First let me start off by saying I loved Band of Brothers Us Tie in: E Company, 506th Regiment, 101st Airborne : from Normandy to Hitler's Eagle's Nest, also by Ambrose. I liked how Pegasus Bridge starts out and was getting the feeling this would be another great book. However, I found Ambrose's telling of the battle for Pegasus Bridge quite anticlimactic. The fight to take the bridge is over before it begins. Ambrose talks about fighting occurring frequently in defense of the bridge, but rarely provides details. More often than not the anecdotes provide more comic relief than a compelling story. The exception is Sergeant Thornton taking out the tank to halt an early German counterattack. Soon after this Company D goes into reserve while the 7th Battalion takes over the defense. Even when some of Company D troops go into the front no details are provided. I was expecting a lot more detail from a book that is purported to be about a single two day battle. The impression that I get from reading Ambrose's account is that taking the bridge was easy and, other than the one perfect shot by Sergeant Thornton, Company D is relieved by the 7th Battalion before all the real fighting gets started.

After Company D leaves the bridge to rejoin its regiment, the story goes downhill. This part of the story seems detached and aimless. I think Ambrose would have been better served concentrating more on the fight at the bridges and enlarging his scope to provide more coverage of the 7th Battalion defense against the counterattacks. The Battle for Pegasus Bridge shouldn't be just a story of Company D. Ambrose really relies on too few sources to make the story complete. If he wanted to write a company history he should have changed the title.

What I really did not enjoy was several references to Company D men being irritated by being put back into the line after they were initially relieved at the bridge. Especially when they were being asked to come up and support 7th Battalion paratroopers, who were getting hit with the full face of the counterattack. Again later Ambrose tells us they felt they should be returned back to England for refitting and preparing for the next bridge assault instead of fighting with the rest of the troops. I'm sure the other troops in the line wouldn't have felt much sympathy for them. Another part that should have been scratched was the suggestion that there not being a coup de main assault in Operation Market Garden because D company was not available to do it. Simply ridiculous. Ambrose makes it seem that D Company was the only highly trained unit in the British airborne. I hope Ambrose has embellished the story on his own or taken these parts out of context.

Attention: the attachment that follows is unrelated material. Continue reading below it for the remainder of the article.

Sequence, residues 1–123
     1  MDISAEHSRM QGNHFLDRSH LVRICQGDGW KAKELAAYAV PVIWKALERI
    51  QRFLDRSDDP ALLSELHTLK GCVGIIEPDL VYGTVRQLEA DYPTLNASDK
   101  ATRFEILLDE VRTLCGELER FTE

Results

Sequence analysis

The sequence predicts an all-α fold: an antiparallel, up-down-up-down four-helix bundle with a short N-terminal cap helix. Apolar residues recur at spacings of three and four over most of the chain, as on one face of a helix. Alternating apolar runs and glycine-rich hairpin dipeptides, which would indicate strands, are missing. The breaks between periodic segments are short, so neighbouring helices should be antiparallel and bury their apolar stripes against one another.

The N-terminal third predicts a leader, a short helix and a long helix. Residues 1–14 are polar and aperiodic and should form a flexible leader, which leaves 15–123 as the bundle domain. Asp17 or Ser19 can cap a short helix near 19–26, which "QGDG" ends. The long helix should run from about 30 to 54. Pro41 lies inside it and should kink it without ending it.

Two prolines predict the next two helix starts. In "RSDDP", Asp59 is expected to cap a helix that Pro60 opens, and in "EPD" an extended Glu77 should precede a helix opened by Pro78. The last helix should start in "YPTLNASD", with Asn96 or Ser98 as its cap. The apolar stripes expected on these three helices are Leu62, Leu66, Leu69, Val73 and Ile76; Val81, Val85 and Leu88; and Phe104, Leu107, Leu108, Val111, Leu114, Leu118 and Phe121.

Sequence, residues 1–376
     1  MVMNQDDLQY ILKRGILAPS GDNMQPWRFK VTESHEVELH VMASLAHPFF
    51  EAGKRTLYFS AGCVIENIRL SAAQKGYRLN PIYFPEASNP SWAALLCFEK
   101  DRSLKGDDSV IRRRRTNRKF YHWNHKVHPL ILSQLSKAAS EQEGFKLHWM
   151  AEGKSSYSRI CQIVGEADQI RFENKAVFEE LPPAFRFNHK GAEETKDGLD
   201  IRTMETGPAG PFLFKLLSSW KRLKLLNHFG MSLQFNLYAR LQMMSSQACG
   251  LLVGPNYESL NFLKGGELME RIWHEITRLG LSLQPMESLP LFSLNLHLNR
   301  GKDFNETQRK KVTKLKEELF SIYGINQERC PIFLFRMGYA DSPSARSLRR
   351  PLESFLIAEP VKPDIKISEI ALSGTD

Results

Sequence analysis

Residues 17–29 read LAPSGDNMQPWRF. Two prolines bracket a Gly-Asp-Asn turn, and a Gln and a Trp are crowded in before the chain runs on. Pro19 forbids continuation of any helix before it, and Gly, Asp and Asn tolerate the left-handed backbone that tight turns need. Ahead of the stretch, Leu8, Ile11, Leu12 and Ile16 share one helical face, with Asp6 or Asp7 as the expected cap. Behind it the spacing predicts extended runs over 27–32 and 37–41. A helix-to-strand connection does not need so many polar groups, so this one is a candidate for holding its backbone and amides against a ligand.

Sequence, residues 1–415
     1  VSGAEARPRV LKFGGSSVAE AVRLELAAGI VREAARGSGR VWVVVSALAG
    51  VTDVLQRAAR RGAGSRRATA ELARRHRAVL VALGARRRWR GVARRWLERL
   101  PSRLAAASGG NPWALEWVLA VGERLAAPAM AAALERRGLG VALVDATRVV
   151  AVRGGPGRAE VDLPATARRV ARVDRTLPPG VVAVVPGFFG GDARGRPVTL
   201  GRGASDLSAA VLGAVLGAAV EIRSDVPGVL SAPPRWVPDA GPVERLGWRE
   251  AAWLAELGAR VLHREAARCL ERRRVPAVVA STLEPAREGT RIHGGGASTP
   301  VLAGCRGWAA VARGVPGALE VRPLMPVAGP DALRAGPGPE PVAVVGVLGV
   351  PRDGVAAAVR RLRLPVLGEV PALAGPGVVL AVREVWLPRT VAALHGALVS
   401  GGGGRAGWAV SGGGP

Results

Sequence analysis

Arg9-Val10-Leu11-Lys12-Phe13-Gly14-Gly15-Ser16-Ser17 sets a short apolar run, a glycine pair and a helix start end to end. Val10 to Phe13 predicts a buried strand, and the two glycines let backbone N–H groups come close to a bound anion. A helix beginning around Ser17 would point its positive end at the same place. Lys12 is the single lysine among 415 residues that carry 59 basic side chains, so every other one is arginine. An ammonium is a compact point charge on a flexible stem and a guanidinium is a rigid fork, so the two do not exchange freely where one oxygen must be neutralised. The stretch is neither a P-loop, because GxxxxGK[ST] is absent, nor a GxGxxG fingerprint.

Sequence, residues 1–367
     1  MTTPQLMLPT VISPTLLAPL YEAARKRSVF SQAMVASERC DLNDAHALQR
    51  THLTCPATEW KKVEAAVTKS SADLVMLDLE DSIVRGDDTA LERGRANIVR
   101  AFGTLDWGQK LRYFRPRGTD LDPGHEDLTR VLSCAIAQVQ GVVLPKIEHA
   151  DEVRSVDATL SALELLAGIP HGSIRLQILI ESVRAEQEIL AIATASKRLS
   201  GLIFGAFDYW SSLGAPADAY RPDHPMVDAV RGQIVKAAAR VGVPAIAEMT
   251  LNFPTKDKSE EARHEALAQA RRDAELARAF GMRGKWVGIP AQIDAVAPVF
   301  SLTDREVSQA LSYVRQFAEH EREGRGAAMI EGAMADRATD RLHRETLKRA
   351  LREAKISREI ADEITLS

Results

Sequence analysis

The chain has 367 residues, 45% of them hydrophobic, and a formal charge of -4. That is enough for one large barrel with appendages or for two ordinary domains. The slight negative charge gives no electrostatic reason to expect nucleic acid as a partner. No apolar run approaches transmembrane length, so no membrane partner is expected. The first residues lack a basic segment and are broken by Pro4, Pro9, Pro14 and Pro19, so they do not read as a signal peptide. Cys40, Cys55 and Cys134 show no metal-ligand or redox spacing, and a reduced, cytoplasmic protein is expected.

But, it isn't all bad. Pegasus Bridge is still an easy read with many amusing anecdotes and you will gain an understanding of what occurred at Pegasus Bridge and why it was successful. He does provide some accounts from German sources which add tremendously to the story. The book does contain a good sketch showing the area around the bridges and several good photographs. It also includes Major Howard's actual orders. Some details about the amazing accuracy of the British intelligence are provided. Perhaps they should have given some pointers to their American colleagues who didn't even know until D-Day that the 352nd division had been moved up to the coast near Omaha three month before the invasion. Overall I would not recommend this book. I found Pegasus Bridge fails to deliver fully on its title and left me wondering where the rest was.
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5.0 out of 5 stars so it is good to be reminded of the grim cost of war, 11 July 2014
By 
Paul Bell (Isle of Wight) - See all my reviews
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This review is from: Pegasus Bridge: D-Day - the Daring British Airborne Raid (Paperback)
D-Day is a vague memory. I was 9 years old at the time, so it is good to be reminded of the grim cost of war. I have visited Pegasus Bridge and the sheer skill of the glider pilots to get three heavily laden gliders on to such a restricted area is breathtaking.
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Pegasus Bridge: D-Day - the Daring British Airborne Raid
Pegasus Bridge: D-Day - the Daring British Airborne Raid by Stephen E. Ambrose (Paperback - 4 Nov. 2002)